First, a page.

Steph thinks that Kurds are responsible for many genocides and that all Kurds are "terrorists." Steph says that Kurds aren't secular because they are majority Muslim. By Steph's twisted thinking, this means that the US and the UK are not secular either, especially not the US. Neither is Turkey, Syria, Iran, Iraq or any of hundreds of other countries on the planet.

Steph thinks there is a sizeable Jewish population. Now, since Steph is obviously not the sharpest knife in the drawer, I wonder where this sizeable Jewish population is located, because she doesn't say specifically. Is it in New York City? Israel? The planet Neptune? Or does Steph really mean to say that there is a sizeable Jewish population in Kurdistan? But Kurdistan doesn't exist according to Steph, so does she really mean to say that there's a sizeable Jewish population in Iraq? Syria? Turkey? Iran? Strange, isn't it, that I didn't see any Jews in Kurdistan Bakur or Başur when I was there last year.

Steph thinks that most Kurds love being Turks, Syrians, Iraqis and Iranians. Steph thinks that the pêşmerge "sold" oil contracts that they don't own--whatever that means. Steph thinks the Americans are launching terrorist attacks against Iran, Lebanon, Syria and Basra. . . Basra? I guess she got that info from Iran Daily or the Islamic Republic News Agency, but I'm only guessing, since Steph doesn't bother to quote a single source for anything she says. She must pull all of this stuff out of her ear, just like good old Juan does. I'd also like to know when Steph was last in Kurdistan, or Iraq, or Syria, or Turkey, or Iran.

I am sure that all of you have had enough of Steph. Besides, it's time that Steph the Kurd-hater is off to the salon, to get a little touch up on her roots.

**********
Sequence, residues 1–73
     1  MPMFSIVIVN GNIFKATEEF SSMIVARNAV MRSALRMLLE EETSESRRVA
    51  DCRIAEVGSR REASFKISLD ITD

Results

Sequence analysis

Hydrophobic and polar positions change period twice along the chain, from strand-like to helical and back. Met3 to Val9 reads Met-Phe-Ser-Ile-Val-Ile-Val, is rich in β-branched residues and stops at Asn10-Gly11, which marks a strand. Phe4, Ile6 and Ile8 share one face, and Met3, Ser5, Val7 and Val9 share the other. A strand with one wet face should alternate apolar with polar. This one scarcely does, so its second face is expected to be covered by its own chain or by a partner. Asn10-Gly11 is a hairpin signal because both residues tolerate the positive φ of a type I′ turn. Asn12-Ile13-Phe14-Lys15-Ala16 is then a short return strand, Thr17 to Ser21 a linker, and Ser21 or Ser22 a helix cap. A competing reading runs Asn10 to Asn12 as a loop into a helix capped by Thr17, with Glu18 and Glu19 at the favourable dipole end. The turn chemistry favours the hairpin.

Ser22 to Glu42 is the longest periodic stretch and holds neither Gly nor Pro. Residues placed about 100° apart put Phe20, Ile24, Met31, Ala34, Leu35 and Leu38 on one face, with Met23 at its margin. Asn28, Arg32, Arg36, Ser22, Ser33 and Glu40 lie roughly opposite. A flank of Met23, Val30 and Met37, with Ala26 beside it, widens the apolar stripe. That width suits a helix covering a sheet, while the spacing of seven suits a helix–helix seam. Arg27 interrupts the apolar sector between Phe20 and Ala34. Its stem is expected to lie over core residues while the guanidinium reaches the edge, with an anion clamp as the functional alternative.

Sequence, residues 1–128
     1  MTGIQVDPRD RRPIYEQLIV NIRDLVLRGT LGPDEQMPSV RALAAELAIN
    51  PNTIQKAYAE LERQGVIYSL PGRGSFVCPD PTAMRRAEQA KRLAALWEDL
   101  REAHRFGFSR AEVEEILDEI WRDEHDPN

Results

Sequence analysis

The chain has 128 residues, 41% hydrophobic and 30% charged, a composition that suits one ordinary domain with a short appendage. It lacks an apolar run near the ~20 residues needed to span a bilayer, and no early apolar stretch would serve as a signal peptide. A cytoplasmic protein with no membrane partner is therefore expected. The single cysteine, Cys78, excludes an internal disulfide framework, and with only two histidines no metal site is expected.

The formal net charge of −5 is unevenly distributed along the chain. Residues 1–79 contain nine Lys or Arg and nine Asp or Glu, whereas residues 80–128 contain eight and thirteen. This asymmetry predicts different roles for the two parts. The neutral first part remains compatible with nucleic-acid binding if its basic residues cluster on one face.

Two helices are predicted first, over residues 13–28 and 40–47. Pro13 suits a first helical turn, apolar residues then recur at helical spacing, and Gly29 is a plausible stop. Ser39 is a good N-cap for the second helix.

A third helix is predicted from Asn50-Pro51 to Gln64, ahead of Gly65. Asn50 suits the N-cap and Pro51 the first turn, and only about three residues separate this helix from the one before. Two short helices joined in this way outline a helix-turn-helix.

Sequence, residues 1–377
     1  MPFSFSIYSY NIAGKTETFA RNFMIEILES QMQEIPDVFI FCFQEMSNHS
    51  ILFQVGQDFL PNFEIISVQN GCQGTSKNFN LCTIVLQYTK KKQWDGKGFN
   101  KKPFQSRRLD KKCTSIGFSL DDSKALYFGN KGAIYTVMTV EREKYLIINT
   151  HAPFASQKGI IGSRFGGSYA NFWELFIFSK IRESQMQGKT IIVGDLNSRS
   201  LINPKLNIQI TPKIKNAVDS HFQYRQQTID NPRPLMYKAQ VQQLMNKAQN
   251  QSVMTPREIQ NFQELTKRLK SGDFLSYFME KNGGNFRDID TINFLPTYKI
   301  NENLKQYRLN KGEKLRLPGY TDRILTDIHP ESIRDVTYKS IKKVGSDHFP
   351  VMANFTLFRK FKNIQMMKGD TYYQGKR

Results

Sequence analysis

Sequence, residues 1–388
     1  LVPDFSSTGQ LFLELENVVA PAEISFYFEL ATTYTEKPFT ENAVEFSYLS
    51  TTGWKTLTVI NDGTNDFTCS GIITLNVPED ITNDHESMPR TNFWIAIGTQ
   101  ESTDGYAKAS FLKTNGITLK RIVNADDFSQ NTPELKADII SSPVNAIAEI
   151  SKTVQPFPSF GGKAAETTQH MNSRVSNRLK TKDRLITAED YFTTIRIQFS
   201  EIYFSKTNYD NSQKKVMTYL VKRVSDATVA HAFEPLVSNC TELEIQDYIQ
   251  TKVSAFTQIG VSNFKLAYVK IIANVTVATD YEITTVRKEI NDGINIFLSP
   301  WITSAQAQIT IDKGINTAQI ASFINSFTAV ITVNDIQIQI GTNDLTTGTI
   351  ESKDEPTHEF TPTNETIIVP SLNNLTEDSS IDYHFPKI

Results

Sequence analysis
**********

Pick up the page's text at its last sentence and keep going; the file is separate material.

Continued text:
Anonymous said...

Unfortunately there are plenty of us "westerners" who read the news with as little interpretation as Steph... Boy I'm sorry that you had to sift through such uninspiring copy. However, at least you got some mileage out of it. Yes, Turkish troops have crossed the border, but then they cross the border every year no? What makes this year different? Could it be that they are actually securing the transportation of oil tankers out of northern Iraq? to help fill the energy void in Turkey which is permitting them to build a nuclear reactor.Hmm...

I live in Turkey and would be shot for uttering such words as "Kurdistan" in public. Well sure it exists according to my friends who have actually traveled there. Having not traveled to Iraq and having lived in Turkey for five years I have been lead to believe that it doesn't and that every Kurd is a terrorist – totally insane! The Turkish government does need to start admitting to a few facts and being "transparent" about issues. They like to dangle this infront of the EU often. Actions DO speak louder than words. Look at the visit of Erdogan to Diyabakir where he stood in the street and told the Kurdish residents that he was there to help, then he bolted from a press conference in Copenhagen as soon as he found out there was a Kurdish reporter in the room. Confusion reigns!

Hey, something for Steph and all those westerners that would really freak them out, is that, it is actually the Islamists in Turkey that want change, not the secularists, who are too stuck in the country's past and staunchly shy away from embracing the future. Turkey is paralyzed but it ain't by the folks we westerners would like to believe it to be, it is in fact completely the opposite. Its lost by its missing sense of identity. Something that puzzles every foreigner that comes here.

And the old line that it is everyone else's fault but ours still exists. Easier that way I guess. History does have a role to play, but so does reconciliation. Call me naieve but history also moves on.

Anonymous said...

Hey, Mizgin, not all of us pro-Kurds are dark-haired! And there are many intelligent blondes out 'bout Denmark?!

I hope you're proud of stuffing Steph like that...what next, pushing a little kindergarten girl in a wheelchair down the stairs? Clubbing a baby kitten to death?

Come on, she's an obscure net-moron with a blog, you probably just gave her 100X more publicity on YOUR blog than she'd get in a year on her own.

IMHO, the proper treatment for retards like Steph can be summed up as:


arcan_dohuk said...

what happened to MEIC?

Anonymous said...

I tracked down Fremen, he informed me that he had to shut MEIC down due to hackers. His tech support has been slow to help him, so it's still down.

But it is NOT permamnent.

But it seems like we've lost HBK there, has he bid us adieu forever?

Anonymous said...

The Turks are instigating trouble with Northern Iraq.

arcan_dohuk said...

im sure he will be back. word is that turkish hackers have attacked a number of pro-kurdish sites. xabat, a pro KDP site, also went down at the same time.

Mizgîn said...